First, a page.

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1 Posts

Posted - 17 Apr 2013 :  00:59:48  

I only have a couple of "simple" questions: When did the Greeks actually start calling themselves Greeks? Wouldn’t that require the establishment of a nation or country called Greece? When did these “city-states” collectively call themselves Greece? Did they call themselves Greeks before they were one nation? --- clarification – as far as I am concerned “Greek & Greece” are the English translation of the words Ελληνες & Ελλαδα. I do not consider them two different words as most Greeks do (and I am Greek). While I was living in Greece I was told by some learned Greeks that it was the Romans who first called them Greeks, when they conquered and established the Roman Empire. There seems to be a great debate over the origins of the word “Greek”, the derivative of the Roman word for Greek, etc. – I believe that even when the Romans and all other nations began calling them Greeks, they did not call themselves Greeks. I am under the impression that Greece became a country after they won their freedom from 400 years of Turkish rule in 1821. Therefore that would also mean that this is when they actually called themselves one people, Greeks or Hellenes if you prefer.



615 Posts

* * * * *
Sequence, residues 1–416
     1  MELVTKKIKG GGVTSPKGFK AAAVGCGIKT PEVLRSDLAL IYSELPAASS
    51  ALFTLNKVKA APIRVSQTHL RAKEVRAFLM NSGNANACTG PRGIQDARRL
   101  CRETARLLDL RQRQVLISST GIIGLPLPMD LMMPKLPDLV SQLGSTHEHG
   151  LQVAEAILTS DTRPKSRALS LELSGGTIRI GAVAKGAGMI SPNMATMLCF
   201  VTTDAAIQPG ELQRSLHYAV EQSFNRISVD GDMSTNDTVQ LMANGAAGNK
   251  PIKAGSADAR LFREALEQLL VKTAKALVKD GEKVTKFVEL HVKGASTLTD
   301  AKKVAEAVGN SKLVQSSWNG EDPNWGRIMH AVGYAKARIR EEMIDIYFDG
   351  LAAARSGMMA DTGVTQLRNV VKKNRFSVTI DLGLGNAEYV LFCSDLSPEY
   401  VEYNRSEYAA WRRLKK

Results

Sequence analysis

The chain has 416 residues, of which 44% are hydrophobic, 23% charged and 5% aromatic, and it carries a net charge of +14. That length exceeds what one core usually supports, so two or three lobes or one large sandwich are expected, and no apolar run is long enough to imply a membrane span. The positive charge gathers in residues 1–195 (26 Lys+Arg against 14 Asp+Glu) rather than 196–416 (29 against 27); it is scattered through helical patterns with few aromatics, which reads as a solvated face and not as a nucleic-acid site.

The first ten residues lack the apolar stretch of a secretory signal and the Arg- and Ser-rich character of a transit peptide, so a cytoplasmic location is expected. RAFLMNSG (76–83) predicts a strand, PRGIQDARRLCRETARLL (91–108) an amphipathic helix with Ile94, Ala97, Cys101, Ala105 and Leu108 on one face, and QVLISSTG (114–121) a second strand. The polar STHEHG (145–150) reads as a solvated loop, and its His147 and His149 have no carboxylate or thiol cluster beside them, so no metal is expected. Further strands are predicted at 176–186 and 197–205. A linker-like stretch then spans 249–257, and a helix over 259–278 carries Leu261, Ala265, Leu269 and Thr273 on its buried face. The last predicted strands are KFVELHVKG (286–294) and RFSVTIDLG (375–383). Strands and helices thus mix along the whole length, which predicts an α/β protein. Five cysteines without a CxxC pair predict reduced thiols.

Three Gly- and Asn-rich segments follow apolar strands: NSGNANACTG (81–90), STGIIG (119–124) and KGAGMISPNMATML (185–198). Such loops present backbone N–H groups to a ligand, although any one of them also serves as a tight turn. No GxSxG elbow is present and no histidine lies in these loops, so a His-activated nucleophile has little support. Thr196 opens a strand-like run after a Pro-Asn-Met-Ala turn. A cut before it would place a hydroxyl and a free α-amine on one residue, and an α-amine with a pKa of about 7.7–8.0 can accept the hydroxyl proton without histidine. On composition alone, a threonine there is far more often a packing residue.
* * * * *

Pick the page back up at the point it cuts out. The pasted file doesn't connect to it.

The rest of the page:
Posted - 17 Apr 2013 :  03:17:01  


Glad to have you with us!

So far as I know the first testimony that Greeks called themselves by a single name, that of "Hellenes", is available already in Thucydides (1.3.3-4), and refers as back as to the times of Homer -- with Homer himself referring to an even more distant past. You can read more on the origins of Greeks, including the name, in my book on www.elpenor.org/books/ancient-greeks/default-en.asp" target="_blank">The Ancient Greeks (check especially pages 137-139).

The Romans used the specific word 'Greeks' instead of Ἕλληνες, because they first knew them from immigrants in Italy coming from a Greek city called Graia, not after they conquered Greece. In any case, this refers to the specific epithet, it doesn't mean that at this time Greeks / Hellenes did not recognise each other as a single people of a common origin under a single name, that of Ἕλληνες.

Regarding your other question, "wouldn’t that require the establishment of a nation or country called Greece?" No, it wouldn't necessarily. Think even about today, with Greeks living all over the world, from the US to Australia. They are all Greeks, they call themselves Greeks, but they do not belong to the same country. The same way in ancient Greece, the various city states understood themselves as Ἕλληνες, although they belonged to different states / countries.

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44 Posts

Posted - 28 Apr 2015 :  06:41:11  


Have you ever considered an English version of your book? I am keenly interested in the topic but fear it will take me months to get through a Greek text (hanging head in shame.)

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615 Posts

Posted - 28 Apr 2015 :  06:49:32  


Of course, you should force yourself to improve your Greek! :) An English version is not something insignificant, considering how many people speak English, but a translation needs a lot of time that I don't have, at least not now.

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